This was classic grooming. … This began with [the victim] being lavished with attention, special treatment, progressing to either lewd comments or lewd jokes to test the waters to see how she would react, how far he could get her to go. And then it progressed from there to hugging, and very shortly thereafter, inappropriate sexual contact or sexual touching. [H]is conduct wasn’t limited to just the sexual touching, it included humiliation, degradation… This would not have been possible, but for the fact of the trust position that the defendant was in, and in this Court’s opinion, in this particular faith community, the undying emphasis that children are to respect adults unquestioned.

In her statement to the court, the victim mentioned an assortment of medical problems in the following years, and in 2014, when she was 17, her doctor asked if she had ever been abused. She recounted:

I was in denial and didn’t really understand what abuse was at that point. It shook me up so badly that I spent the next day in turmoil. Finally it was bothering me so much that I told my mom. … All of a sudden my whole world was turned upside down. I went into shock. I spent most of the next few days almost immobile. I didn’t eat, spent most of my time sleeping, and couldn’t get warm enough. As a result of that, I cannot stand being cold to this day.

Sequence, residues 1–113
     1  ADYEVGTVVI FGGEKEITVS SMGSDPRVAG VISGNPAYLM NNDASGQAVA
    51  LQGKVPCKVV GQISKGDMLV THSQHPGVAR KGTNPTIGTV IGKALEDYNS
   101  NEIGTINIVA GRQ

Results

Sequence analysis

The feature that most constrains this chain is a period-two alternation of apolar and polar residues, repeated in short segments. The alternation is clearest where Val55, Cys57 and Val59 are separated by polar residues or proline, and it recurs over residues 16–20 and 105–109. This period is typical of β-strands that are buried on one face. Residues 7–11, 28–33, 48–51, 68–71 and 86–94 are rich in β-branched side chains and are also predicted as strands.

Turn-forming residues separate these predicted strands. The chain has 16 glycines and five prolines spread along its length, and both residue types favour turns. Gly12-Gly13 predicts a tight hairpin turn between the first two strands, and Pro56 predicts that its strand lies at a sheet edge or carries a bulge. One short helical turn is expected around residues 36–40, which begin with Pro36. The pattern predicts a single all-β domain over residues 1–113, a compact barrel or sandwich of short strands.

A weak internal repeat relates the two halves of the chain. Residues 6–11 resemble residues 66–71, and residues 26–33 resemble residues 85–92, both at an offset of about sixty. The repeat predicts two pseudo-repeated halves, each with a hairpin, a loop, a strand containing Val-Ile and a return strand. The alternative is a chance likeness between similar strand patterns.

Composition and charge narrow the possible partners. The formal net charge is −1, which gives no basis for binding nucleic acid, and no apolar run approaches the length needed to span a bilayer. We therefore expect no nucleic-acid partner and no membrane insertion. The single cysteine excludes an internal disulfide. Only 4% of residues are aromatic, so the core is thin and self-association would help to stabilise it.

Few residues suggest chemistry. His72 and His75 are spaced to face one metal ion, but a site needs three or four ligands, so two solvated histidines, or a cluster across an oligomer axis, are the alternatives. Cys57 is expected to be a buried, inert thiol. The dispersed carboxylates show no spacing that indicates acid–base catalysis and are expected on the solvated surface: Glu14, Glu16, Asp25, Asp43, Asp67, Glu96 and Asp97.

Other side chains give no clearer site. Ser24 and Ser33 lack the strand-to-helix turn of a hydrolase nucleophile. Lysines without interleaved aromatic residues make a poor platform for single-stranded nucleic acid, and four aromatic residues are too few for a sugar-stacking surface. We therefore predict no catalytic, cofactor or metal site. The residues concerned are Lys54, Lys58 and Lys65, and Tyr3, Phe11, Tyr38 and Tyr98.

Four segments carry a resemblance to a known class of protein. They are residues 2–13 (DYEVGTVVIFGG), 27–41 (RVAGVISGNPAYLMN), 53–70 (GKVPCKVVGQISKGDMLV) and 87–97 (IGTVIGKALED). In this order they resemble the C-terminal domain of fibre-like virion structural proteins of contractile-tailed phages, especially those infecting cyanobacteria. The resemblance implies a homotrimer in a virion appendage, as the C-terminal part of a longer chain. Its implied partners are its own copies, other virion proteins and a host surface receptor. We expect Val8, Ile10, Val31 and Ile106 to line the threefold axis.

At almost 18, I felt like I restarted my life. I had to learn the difference between what I thought was real and what actually was real. I learned that what happened to me was not okay, and yet it was so ingrained in me to protect Mr. Toews even though what happened to me was horrible, I still thought I was the one [responsible].

Court records indicate that during the 2021 investigation, two ministers from Gospel Mennonite Church told law enforcement that they had heard from the victim about the abuse approximately four years earlier, in 2017. They said they confirmed the details with Toews and excommunicated him, but they did not report it to authorities. The victim’s mother’s statements to law enforcement suggest that she may have notified the ministers as early as 2015.